Picture this. A 36-year-old father of three has been on the field for 10 years. He and his wife moved overseas as newlyweds just months after graduating from seminary. His life plan and career trajectory have always been missions. But now, he’s suffering from crippling anxiety. His family is falling apart. Yet his greatest fear is that word will get out to their organization. His boss will catch wind of it, and their family will be deemed unfit to stay overseas. He’ll be jobless and effectively homeless. So he stays quiet and suffers silently, undiagnosed and untreated.
When organizations send missionaries across the globe to resource-poor locations, there are obvious risks. To mitigate these risks and to protect missionaries, nationals, and organizations alike, extensive screening and reporting processes are put in place to ensure the mental and physical health of those they send. This is necessary and good. However, when missionaries are expected to go straight to their employers with health concerns, and when the help received is coming primarily from the ones in charge, a culture of distrust, fear, and secrecy can ensue.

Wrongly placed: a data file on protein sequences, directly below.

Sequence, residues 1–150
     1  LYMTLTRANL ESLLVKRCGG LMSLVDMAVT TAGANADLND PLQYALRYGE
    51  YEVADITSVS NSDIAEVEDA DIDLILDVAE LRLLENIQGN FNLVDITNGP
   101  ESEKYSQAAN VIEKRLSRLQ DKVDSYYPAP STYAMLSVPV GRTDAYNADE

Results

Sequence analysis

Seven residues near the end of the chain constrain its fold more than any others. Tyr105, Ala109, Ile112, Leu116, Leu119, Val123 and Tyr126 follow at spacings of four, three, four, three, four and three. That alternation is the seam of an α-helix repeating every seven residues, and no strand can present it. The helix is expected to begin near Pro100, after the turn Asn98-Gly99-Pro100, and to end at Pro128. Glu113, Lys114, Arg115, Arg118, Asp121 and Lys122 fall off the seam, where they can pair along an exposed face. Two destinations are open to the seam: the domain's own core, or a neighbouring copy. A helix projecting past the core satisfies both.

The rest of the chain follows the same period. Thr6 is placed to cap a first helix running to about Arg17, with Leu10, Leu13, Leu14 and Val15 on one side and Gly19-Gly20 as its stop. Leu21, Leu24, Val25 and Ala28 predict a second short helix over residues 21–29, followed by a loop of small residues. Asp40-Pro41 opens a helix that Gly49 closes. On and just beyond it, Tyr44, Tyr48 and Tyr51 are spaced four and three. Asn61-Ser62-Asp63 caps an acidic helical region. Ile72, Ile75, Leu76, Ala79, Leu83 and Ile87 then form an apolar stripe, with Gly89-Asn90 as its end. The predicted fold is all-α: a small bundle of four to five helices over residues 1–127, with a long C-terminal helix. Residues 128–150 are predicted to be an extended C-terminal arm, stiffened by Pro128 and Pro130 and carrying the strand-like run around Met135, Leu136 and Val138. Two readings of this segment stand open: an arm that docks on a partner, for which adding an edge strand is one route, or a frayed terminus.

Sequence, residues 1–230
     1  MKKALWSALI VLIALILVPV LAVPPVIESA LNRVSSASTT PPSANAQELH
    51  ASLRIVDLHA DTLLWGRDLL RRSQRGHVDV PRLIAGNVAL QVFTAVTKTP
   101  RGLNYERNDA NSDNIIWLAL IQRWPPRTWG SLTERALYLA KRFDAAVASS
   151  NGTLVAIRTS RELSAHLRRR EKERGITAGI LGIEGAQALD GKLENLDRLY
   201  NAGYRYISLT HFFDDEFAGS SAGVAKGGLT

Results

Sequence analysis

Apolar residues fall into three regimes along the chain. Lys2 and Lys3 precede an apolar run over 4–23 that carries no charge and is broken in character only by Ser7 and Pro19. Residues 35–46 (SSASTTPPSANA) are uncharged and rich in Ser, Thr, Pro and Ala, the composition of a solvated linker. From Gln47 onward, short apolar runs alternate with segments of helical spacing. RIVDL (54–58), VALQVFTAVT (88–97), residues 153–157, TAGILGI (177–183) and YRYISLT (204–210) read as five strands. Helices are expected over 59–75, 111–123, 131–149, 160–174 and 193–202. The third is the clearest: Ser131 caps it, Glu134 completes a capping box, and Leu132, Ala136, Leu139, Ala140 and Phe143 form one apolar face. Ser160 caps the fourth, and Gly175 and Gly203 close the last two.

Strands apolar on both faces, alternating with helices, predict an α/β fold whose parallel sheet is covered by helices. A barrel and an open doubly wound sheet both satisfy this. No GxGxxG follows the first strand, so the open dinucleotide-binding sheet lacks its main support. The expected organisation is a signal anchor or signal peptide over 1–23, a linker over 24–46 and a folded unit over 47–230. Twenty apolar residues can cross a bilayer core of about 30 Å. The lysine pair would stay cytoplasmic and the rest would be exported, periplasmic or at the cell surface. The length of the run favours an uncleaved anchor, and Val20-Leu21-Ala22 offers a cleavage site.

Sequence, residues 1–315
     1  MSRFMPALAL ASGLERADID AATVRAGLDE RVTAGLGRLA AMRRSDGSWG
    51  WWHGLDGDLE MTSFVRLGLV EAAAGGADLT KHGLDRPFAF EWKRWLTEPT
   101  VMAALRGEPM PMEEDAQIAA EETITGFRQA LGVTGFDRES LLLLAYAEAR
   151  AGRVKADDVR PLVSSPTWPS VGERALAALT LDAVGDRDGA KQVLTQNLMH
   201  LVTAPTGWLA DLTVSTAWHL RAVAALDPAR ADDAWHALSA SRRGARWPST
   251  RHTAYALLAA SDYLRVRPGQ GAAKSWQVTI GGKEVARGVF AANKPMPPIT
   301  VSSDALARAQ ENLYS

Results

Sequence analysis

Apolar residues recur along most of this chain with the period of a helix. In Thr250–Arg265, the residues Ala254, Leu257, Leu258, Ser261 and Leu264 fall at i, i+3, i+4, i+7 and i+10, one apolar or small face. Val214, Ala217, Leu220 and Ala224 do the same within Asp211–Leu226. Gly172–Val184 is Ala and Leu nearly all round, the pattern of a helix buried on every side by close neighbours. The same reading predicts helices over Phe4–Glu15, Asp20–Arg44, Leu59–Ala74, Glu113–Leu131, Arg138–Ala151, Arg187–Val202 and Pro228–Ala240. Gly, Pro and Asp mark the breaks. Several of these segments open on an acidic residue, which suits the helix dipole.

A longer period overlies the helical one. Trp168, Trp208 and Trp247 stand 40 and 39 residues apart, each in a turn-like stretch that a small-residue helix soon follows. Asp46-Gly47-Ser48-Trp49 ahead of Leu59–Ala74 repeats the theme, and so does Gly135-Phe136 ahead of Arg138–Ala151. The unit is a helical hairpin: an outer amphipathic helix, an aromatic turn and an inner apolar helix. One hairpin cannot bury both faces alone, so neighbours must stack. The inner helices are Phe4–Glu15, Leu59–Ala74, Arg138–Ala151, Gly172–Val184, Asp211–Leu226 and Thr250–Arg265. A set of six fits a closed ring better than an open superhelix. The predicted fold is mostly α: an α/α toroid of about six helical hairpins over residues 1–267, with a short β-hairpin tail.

Even when set with the best intentions, the structures to protect missionaries might inadvertently cause harm when mental illness comes knocking, especially if missionaries fear the potential loss of their careers, homes, and ministry dreams.
3. Limited Access to Resources
When mental health becomes a concern, the best practice for care often involves therapy. At times, medication. Always, self-care and community. A move overseas, however, can strip away access to each of these.
Even in these days of widespread access to virtual therapy, factors like legal barriers, unstable internet, and financial burdens can leave it out of reach. Meanwhile, the availability of medications is a wild card in many countries. Avenues and resources for self-care are limited in some settings, and advice to “enjoy nature, get exercise, and spend time with friends” may not be possible in a high-security urban setting. And let’s not forget our many missionaries in unreached locations without a local church or other believers to come alongside them in seasons of suffering.
Slowly, as doors close and resources remain out of reach, mental illness can feel exponentially more daunting for the already stretched missionary.
4. Cumulative Stress